ISLAMABAD: As an international safety accord renowned for its work in transforming the workplace safety system for millions of garment workers in Bangladesh has now expanded to Pakistan, workers recalled how they fell victim to exploitation by factory owners.

Pakistani workers and union leaders, during an online discussion, informed policymakers in Belgium and the Netherlands that the government of Pakistan and the European Union were very lenient over the exploitation of textile workers in Pakistan at the hands of factory owners.

Seemi Mustafa, a victim of exploitation by owners of a denim factory in Karachi, narrated her ordeal and said that salaries of several female workers had not been paid by the management of the factory.

“I, along with my younger brother, were even beaten only because we demanded that our wages be paid and we were not even paid the amount of wages that was agreed at the time of employment,” she said.

Plan ensuring workers’ safety to be launched next month, expected to cover more than 500 factories, mostly in Sindh, Punjab

She further said that female workers continued to be exploited, abused and threatened to stay quiet only because they were poor and had no voice.

Ms Mustafa recalled that initially she lodged the complaint with the Sindh Labour Department but, after five months of hearings, the department told “me that the matter related to police”.

The International Accord for Health and Safety in the Textile and Garment Industry is set to be launched next month and is likely to establish and ensure a stringent monitoring mechanism to prevent mistreatment and exploitation of workers, especially women, in Pakistan’s textile sector.

The accord, to be known in Pakistan as the Pakistan Accord on Health and Safety in the Textile and Garment Industry, would be a legally binding agreement between global union federations, UNI Global Union and IndustriALL Global Union and garment brands and retailers, and would take effect from Jan 16.

In Bangladesh, the plan was initially established in 2013 in response to the collapse of Rana Plaza and other factory disasters that resulted in more than 1,000 deaths and thousands of injuries.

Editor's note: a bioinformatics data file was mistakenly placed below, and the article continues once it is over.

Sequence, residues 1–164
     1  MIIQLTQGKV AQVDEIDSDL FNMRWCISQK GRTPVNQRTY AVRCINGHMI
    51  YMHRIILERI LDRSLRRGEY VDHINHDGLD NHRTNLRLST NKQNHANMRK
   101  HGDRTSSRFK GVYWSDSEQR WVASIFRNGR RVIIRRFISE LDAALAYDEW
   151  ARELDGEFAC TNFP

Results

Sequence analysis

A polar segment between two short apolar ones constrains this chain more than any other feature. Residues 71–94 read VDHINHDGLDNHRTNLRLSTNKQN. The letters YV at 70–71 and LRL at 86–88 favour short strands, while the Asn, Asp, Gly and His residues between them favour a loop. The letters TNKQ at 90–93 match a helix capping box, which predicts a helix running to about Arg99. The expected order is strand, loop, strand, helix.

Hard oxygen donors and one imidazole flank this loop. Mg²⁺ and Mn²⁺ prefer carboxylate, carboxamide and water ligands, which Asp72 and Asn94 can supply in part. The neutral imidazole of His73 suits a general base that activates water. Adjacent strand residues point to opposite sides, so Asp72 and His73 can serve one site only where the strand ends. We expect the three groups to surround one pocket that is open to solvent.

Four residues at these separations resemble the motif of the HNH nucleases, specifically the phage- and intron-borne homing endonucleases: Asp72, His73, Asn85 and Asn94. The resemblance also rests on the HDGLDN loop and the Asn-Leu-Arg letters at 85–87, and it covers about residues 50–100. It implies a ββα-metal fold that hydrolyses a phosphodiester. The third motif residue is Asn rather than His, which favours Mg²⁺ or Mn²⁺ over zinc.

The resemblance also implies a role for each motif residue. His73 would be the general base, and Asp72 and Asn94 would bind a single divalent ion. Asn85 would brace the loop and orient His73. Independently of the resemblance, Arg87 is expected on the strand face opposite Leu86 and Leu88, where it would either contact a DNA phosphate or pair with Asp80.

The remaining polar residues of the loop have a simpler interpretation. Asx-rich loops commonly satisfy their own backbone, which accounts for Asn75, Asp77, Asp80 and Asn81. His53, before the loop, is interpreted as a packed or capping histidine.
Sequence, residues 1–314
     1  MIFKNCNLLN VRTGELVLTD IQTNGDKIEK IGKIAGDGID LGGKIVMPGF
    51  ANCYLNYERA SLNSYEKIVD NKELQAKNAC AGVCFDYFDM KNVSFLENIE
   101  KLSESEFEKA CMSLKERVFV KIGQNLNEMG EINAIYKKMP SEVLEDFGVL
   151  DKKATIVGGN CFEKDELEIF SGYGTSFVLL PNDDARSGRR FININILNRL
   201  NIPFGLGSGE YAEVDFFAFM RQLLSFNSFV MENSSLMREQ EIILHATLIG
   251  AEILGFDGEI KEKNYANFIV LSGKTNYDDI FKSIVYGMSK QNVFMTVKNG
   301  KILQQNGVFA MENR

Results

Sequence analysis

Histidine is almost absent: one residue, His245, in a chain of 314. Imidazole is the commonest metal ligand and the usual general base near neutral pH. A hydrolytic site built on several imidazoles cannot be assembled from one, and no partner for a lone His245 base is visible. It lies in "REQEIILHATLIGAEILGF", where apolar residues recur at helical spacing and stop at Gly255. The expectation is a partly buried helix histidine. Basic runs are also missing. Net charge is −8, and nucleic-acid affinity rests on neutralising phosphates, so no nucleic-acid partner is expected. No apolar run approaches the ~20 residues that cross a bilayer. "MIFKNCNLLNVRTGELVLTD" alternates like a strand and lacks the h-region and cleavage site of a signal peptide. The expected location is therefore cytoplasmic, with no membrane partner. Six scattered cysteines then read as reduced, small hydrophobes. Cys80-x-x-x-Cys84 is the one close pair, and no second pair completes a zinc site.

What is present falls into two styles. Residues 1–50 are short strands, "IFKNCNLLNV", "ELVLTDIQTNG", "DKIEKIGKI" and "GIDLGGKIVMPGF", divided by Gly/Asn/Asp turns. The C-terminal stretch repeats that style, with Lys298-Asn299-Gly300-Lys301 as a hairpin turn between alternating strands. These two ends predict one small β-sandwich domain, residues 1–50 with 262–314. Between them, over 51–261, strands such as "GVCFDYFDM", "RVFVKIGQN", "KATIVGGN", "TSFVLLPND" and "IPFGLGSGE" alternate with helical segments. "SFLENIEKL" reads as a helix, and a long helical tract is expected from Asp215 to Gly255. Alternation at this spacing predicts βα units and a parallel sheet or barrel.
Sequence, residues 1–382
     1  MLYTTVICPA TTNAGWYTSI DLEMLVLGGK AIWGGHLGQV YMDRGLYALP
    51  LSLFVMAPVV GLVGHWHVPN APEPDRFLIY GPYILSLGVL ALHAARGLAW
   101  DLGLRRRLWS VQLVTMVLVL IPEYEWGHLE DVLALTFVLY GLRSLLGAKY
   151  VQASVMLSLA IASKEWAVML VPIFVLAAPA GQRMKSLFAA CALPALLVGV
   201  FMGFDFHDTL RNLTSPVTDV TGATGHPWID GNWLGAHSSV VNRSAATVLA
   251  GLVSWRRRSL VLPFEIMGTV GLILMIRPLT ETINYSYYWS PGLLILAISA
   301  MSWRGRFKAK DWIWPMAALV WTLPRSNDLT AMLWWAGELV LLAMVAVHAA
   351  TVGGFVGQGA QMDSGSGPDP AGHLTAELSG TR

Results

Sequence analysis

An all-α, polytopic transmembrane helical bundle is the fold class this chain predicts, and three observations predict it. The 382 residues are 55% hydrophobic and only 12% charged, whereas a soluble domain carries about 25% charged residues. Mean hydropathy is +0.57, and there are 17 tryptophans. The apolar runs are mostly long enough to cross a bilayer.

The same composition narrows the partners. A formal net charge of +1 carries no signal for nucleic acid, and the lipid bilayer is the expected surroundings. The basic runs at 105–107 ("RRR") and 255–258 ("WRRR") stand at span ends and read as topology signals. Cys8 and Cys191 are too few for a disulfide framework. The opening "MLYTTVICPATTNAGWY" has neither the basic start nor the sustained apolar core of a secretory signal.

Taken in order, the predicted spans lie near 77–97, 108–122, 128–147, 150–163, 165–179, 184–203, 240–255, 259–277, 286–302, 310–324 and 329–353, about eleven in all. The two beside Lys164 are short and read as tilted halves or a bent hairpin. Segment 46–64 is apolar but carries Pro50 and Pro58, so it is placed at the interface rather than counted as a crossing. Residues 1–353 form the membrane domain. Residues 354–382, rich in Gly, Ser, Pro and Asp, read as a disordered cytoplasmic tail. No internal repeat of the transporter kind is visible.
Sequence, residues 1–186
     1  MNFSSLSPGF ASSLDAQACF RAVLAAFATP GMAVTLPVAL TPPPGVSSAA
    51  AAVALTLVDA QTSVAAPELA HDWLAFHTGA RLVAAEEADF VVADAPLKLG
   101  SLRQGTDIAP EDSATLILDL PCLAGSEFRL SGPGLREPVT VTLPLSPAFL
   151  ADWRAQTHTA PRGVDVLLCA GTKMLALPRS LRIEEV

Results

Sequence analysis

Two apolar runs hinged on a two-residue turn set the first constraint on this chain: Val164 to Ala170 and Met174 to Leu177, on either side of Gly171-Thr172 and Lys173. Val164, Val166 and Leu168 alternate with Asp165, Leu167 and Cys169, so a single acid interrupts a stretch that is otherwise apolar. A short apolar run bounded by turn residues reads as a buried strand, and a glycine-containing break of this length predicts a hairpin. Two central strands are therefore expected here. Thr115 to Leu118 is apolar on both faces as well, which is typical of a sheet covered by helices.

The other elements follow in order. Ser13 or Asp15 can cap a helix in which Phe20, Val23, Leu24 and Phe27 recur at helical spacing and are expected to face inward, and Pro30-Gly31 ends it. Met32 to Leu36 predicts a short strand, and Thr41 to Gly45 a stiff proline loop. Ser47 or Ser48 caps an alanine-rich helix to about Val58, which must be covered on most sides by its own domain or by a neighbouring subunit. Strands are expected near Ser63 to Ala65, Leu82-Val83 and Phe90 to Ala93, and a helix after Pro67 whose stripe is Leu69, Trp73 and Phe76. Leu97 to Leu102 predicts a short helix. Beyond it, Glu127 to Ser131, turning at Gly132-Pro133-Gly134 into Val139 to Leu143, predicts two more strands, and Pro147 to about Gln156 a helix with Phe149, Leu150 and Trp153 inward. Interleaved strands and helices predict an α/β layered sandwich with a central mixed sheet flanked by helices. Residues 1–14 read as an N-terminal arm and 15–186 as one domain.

Pakistan’s textile and garment exports amount to around $20 billion annually and the Pakistan Accord is expected to cover more than 500 factories, mostly located in Sindh and Punjab.

Zehra Khan, secretary general of Home-based Women Workers Federation (HBWWF), the first trade union of home-based workers in Pakistan, said that informal work had been on the rise in the country.

“Home workers are an essential part of the value chain, with an even larger share of women than in factories but these workers receive no contracts, have no social security and are paid about one-third of the minimum wage,” Ms Khan said.

She said that other aspects of informalisation were short-term jobs at factories and work without contracts.

Nasir Mansoor, Secretary General of National Trade Union Federation Pakistan (NTUF), called upon policymakers in the EU and North America to implement stringent checks to ensure that top brands of the world did not get products from outlets where workers, especially women, were exploited, underpaid or worked under insecure and unsafe conditions

“We need to have some pressures from the EU that all workers be unionised, which is not the case of even five per cent workers working in the textile sector of Pakistan,” Mr Mansoor said.

Ineke Zeldenrust, international coordinator of the Clean Clothes Campaign network, said that many textile units got the jobs done from a subsidiary, but the new accord would help textile and garment workers with a platform to lodge their complaints against violations at the workplace.

Published in Dawn, December 16th, 2022

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